He says it will give him time to focus on a second Relish outlet and projects overseas but is not ruling out opening another fine dining destination
Being able to see opportunity in challenges and having the mettle to make the right choices are key to thriving in this restaurant industry, something chef-restaurateur Willin Low knows all too well. On October 31, the mod-Sin pioneer—and last year’s T.Dining Local Champion award recipient—will be closing the restaurant that has epitomised his creative yet unaffected approach to modern gastronomy for 13 years.
Several factors, from lease of the car park space next to Wild Rocket to the impending extensive renovation of Hangout Hotel, shares Low, have led him to the decision to shutter and not relocate. “It will take time to find the perfect location and I didn’t want to rush,” he tells T.Dining. “Besides I would be busy with two overseas projects, so I won’t be able to give my full attention to Wild Rocket, my first born.”
These two overseas openings, slated to welcome guests by year-end, are casual concepts that share the same aim, which is to bring his pioneering brand of mod-Sin cuisine to a global audience.
The first, Roketto, is located in Niseko, Japan, and it will serve noodle and rice bowls designed around an amalgamation of Southeast Asian flavours and Japanese ingredients. Examples include the laksa somen with seasonal seafood and a bak kut teh ramen.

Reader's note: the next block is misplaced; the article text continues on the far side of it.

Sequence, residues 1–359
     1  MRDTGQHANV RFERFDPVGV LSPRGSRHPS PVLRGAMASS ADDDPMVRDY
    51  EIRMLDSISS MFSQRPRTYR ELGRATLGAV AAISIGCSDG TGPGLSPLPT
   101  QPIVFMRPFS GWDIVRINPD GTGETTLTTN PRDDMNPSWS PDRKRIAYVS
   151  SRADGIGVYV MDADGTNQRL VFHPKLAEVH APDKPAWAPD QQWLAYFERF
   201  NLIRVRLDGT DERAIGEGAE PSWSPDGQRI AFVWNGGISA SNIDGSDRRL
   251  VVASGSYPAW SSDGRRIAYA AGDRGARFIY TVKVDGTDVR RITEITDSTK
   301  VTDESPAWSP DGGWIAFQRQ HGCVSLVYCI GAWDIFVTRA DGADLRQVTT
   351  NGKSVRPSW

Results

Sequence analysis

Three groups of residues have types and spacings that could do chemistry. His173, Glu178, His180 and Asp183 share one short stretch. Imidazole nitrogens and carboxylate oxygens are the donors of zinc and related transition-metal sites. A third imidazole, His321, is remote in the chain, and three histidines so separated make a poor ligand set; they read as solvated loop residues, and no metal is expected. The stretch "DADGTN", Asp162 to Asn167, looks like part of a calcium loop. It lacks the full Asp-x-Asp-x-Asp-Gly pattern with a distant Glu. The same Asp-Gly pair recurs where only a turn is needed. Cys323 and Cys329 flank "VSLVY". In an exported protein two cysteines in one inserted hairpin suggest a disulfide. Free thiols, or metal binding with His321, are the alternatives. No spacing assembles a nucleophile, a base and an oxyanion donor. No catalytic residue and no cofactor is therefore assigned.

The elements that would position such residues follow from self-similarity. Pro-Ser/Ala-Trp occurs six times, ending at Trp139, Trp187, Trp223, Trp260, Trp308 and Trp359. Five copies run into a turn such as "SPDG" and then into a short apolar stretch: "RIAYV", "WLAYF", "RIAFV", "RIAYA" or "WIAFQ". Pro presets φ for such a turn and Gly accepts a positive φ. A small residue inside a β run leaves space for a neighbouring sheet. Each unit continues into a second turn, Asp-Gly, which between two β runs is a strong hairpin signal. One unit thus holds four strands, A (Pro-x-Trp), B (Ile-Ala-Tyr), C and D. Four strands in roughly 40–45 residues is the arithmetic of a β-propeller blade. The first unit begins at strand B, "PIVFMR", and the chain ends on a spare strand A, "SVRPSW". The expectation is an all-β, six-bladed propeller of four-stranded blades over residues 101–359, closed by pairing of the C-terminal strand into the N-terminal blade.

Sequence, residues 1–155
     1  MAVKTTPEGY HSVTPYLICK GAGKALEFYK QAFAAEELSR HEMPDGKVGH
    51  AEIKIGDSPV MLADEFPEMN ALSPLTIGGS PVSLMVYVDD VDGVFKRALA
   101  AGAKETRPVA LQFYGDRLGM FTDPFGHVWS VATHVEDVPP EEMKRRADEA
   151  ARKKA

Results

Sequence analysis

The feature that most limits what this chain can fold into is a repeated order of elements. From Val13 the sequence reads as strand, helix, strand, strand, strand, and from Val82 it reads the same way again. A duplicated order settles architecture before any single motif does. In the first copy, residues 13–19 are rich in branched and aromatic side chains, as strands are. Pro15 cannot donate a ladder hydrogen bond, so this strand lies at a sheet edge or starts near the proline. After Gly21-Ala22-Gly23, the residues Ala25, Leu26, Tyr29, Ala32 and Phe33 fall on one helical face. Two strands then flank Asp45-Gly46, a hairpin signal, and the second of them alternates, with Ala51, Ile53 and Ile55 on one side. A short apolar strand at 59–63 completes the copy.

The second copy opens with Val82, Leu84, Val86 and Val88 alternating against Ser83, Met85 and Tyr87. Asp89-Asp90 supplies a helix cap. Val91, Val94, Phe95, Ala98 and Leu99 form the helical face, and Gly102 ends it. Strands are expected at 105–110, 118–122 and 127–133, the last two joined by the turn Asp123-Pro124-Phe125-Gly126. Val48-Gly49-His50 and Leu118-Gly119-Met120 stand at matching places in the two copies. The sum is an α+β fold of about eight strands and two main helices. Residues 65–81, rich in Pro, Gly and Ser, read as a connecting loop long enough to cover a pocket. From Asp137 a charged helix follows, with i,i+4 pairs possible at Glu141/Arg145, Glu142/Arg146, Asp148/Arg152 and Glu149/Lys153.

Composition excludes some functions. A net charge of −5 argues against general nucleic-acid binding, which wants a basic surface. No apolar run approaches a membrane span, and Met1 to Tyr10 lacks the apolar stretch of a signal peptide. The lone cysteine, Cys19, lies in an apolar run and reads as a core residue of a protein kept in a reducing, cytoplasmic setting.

In the evenings, the restaurant transforms into a bar that serves classic and modern cocktails designed by three of Asia’s best bartenders, the same ones behind Bar High Five in Tokyo, Bar Mood in Taipei and Nutmeg & Clove in Singapore; the three also co-own #FindTheLockerRoom in Bangkok, Thailand.
Low's other overseas venture is a Southeast Asian noodle concept that serves mod-Sin versions of laksa and bak chor mee, located in Hualien City on the east coast of Taiwan.
Back home, he is working on opening another Relish outlet, this time at Telok Ayer, which will likely feature a touch of Wild Rocket, “though we haven’t decided what or how yet”, he shares. He did, however, add that opening another fine dining restaurant is not off the cards.
“Never say never,” he teased. “If the right location and circumstances turn up, we might reopen Wild Rocket—or something else—and it can be in Singapore or anywhere in the world”.
It is confirmed that he will be spending the next three months in Singapore with Wild Rocket and working on the new Relish, after which he will be flying between Japan, Taiwan and Singapore.